November 2011

Bespoke for stroke: Temporary custom shoe improves gait

In the moment: Footwear

The temporary shoe used in the study takes two weeks to manufacture. Image courtesy of Gerard Ribbers, MD, PhD.

By Emily Delzell

Recent research from the Netherlands suggests that a custom-made orthopedic shoe designed for temporary use can enhance early mobilization after stroke, improving functional mobility, walking speed, and gait.

In the aftermath of stroke, it’s not always clear how much walking ability patients will regain or what kind of permanent orthoses they will need, if any. Consequently, Dutch researchers compared the effects on gait characteristics of a normal shoe versus a temporary custom shoe meant to be discarded after rehabilitation and, if needed, replaced with a permanent custom orthotic device.

Investigators, who published their findings in October in Gait & Posture, recruited 19 stroke patients (12 men, seven women; mean age, 55 years, range, 32-55 years) with a mean poststroke time of 3.6 months (range, two to eight months). All had varying degrees of hemiplegia with spastic paresis and could walk without assistive devices for at least 20 m in normal shoes.

The custom shoe used in the study (pictured above) was a high orthopedic shoe with a stiff leg made of carbon fiber and paired with a normal shoe corrected for sole thickness.

“This shoe can be manufactured in two weeks, offers stability at the ankle and knee, and prevents dropping of the foot in swing phase,” said study author Gerard M. Ribbers, MD, PhD, an associate professor at Rijndam Rehabilitation Centre and in the Department of Rehabilitative Medicine at Erasmus Medical Center in Rotterdam.

In addition to comparing functional mobility, walking speed, and gait between the two shoe conditions, researchers also evaluated patient satisfaction with walking using several measures, including ease of lifting the foot, confidence, estimated speed, and others, as well as the effect of dual task interference.

“Physical therapy sessions often take place in a sheltered environment and in the absence of distractors such as traffic and talking,” Ribbers said. “Patients may be able to perform a task such as walking in a rehabilitation center, for example, but when they have to shift their attention to outside environmental stimuli, task performance can decrease.  We controlled for dual task interference to test patients’ abilities in real-world conditions.”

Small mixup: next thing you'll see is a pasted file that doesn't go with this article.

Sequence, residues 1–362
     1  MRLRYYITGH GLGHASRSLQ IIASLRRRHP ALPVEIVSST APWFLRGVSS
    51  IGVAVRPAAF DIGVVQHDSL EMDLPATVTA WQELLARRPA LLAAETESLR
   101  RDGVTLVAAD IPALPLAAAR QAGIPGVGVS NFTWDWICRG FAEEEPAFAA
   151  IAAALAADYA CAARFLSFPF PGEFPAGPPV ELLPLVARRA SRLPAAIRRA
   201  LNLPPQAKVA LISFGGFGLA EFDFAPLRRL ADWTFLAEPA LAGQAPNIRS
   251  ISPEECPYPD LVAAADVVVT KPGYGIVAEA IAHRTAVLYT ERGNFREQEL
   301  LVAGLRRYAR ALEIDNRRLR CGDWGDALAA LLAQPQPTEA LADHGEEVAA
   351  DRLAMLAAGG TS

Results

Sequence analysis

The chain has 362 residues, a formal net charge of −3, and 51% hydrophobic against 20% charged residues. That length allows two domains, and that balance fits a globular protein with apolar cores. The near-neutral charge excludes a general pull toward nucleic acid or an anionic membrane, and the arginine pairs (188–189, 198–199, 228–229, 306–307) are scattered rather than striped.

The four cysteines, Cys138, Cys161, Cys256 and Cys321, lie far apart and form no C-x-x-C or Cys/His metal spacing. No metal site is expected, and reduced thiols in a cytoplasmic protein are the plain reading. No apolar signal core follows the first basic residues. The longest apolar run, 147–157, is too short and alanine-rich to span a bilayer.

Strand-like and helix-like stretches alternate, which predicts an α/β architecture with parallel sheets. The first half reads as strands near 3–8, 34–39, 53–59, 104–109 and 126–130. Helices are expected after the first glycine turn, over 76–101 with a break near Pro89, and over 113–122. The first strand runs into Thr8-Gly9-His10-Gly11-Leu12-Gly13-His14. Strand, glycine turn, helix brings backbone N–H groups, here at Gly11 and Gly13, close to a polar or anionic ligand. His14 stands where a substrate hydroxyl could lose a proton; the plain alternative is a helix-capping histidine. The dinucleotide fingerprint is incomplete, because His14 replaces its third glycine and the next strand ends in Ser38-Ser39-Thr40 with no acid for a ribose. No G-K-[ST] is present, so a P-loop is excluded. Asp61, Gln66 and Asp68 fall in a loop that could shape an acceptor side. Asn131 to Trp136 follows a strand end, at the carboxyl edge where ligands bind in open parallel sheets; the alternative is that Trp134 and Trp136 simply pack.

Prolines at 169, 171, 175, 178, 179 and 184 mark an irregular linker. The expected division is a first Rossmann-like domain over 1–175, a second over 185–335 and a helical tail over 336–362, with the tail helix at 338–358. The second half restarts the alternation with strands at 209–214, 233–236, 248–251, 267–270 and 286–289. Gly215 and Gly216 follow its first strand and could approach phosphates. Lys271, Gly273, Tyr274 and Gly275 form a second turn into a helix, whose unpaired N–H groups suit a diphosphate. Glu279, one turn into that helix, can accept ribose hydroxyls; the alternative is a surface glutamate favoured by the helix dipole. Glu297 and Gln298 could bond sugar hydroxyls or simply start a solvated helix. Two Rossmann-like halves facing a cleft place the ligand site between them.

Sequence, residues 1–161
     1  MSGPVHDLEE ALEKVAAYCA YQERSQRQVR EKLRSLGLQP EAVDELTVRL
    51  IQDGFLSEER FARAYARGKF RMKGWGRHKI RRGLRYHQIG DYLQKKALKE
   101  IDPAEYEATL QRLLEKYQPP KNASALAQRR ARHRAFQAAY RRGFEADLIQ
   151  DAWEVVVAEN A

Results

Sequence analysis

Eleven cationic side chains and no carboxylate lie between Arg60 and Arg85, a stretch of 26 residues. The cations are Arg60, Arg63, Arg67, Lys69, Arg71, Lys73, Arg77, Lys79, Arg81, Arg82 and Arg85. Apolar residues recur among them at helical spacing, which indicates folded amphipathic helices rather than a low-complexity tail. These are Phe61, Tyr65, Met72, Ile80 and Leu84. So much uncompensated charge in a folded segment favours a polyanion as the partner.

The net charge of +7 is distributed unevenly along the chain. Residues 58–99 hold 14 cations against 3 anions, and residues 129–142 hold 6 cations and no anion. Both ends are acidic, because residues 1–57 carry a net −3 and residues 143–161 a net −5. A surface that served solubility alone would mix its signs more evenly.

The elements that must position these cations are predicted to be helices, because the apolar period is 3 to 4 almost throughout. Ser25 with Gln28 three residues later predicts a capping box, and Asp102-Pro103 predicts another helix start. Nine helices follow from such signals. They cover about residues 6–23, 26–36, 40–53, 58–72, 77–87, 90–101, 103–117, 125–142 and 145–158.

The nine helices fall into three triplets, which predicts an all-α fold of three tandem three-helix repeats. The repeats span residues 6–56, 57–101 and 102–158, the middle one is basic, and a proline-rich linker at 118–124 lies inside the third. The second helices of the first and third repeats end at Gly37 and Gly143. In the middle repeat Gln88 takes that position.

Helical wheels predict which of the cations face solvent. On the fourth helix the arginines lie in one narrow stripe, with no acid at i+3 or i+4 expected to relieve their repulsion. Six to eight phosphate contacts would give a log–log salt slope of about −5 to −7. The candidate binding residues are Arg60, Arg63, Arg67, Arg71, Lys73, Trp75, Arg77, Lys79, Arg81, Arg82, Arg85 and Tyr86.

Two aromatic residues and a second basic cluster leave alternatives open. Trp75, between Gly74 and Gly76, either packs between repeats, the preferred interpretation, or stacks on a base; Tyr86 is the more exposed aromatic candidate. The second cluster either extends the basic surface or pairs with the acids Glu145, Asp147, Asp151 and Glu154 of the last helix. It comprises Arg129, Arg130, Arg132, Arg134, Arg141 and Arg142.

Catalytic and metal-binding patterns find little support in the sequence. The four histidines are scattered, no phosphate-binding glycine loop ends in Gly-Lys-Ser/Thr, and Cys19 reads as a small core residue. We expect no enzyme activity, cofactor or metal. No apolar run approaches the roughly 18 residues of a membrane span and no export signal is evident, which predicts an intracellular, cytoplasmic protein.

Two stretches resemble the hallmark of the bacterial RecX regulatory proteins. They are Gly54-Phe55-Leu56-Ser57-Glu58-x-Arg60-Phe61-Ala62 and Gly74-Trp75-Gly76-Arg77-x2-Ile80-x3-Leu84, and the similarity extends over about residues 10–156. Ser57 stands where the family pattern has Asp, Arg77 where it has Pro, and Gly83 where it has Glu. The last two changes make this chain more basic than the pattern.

Ribbers and colleagues tested patients’ dual task performance by having them reply verbally to auditory questions while undergoing walking trials in the custom and normal shoes. The team tested function with a timed up and go test (TUG) and gait characteristics on a 9-m walkway, recording step length and width, stance duration, cadence and walking speed, and clearance and knee flexion angle of the affected leg.

Compared with the normal shoe condition, the custom condition reduced TUG times by 22% and increased walking speed by 37%, cadence by 17%, and step length of the affected leg and nonaffected leg by 12% and 34%, respectively. The custom shoe also decreased stance duration in the affected and nonaffected leg by 18% and 16%, respectively, and step width by 12%. Investigators found no significant differences in clearance or knee extension.

Dual task performance interfered with functional mobility in both shoe conditions, but had no effect on walking speed and other gait characteristics. Investigators found no significant differences between conditions for any dual task measures.

Overall, the patient satisfaction questionnaire showed participants favored the orthopedic shoe (p<0.001), said Ribbers, and the majority reported improved satisfaction from baseline in all measures. A third of individuals, however, said the custom shoe’s weight interfered with lifting the foot.

“Such a shoe may make the difference between walking and not walking,” Ribbers said. “In general, it’s most appropriate for individuals with high tonus, severe equinovarus, or knee hyperextension, as well as for some individuals with vascular problems in whom a regular orthosis might increase the risk of pressure ulcers. It can be manufactured quickly, worn in home settings, and discarded when patients are ready for a permanent orthosis.”

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